HAVANA TIMES – The urban landscape of Havana lacks an important element these days: informal vendors who, in parks and doorways, offer everything from matches to soft drinks. A police operation carried out last week swept up these vendors, who sell basic products that are scarce in state stores.
“Not even one was left. These doorways on Galiano Street were always full of people selling many useful things for the home,” said a resident in Centro Habana who, approached the central avenue with the intention of buying a washer for his Italian coffee maker. “At first I thought it was too early and they hadn’t arrived, but a neighbor told me that the police had removed them.”
According to this resident, the raid took several minutes. “They arrested some and took away all the merchandise. Others were fined and warned that if they see them here again the fine will be even higher,” explains Luisa, a resident on nearby Águila Street, who rents part of her room to informal sellers to keep their merchandise.
The operation reached the self-employed fair also located on Galiano Street. Although those who sell there are licensed to sell local handicrafts and other privately-produced goods, according to the police, some were offering industrial products brought from abroad or bought in stores in freely convertible currency.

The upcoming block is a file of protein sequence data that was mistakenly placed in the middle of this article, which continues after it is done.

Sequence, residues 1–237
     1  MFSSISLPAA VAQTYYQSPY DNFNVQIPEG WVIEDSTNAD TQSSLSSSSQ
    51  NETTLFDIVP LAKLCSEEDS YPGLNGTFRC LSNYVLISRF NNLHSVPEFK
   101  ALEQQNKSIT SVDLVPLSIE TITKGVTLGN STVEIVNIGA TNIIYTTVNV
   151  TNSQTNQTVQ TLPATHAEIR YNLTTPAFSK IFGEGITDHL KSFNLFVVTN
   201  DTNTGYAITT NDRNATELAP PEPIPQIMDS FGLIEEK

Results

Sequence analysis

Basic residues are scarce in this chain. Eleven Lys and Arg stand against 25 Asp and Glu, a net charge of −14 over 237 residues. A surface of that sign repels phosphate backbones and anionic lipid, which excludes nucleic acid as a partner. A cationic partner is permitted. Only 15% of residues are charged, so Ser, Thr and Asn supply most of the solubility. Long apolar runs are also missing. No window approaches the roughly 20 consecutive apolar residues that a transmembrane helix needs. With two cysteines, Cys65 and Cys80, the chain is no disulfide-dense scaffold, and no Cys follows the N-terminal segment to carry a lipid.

The usually-bustling place on Tuesday was practically empty and without the in-and-out of customers that has characterized it for years. Through the doorways in Galiano, from time to time you can see police, who monitor the area so that the street vendors don’t return. A daring one manages to take advantage of the fact that the agents move away to quietly hawk sponges and small bags of detergent.
“There are people who say that it’s the fault of the resellers who hoard the little they buy in the store and then resell it, but most of the things that these vendors sell are brought from abroad,” explains the woman, alluding to the mules that import all kinds of goods from Mexico, Panama, the Dominican Republic and the United States.
“If you need a sewing needle right now, where do you buy it?” asks Luisa. “Many of the things they sell don’t exist anywhere else, for example, dyes for clothes, lighters for gas stoves or shoe polish,” the woman says. “None of them have become rich selling all that junk,” she emphasizes.
The panorama, when you walk along Reina Street or San Rafael Boulevard is strange without the small tables or blankets on the ground of these informal merchants. The hope that some of their most assiduous customers have is that the waters will soon reach a level when the police raids against them end, and then the stalls will return with their tubes of glue and belts for men.
They do this all the time but then the vendors come back,” considers another neighbor. “Now they are again with the ’battle against illegalities,’ but they don’t recognize that these sellers solve a problem.” In the Fe del Valle park, where until a few days ago the tables alternated with bargains and school items, now there are only a few people sitting on the benches or connecting to the wifi area. It looks like the same place as a few weeks ago, but it no longer is.
Translated by Regina Anavy for Translating Cuba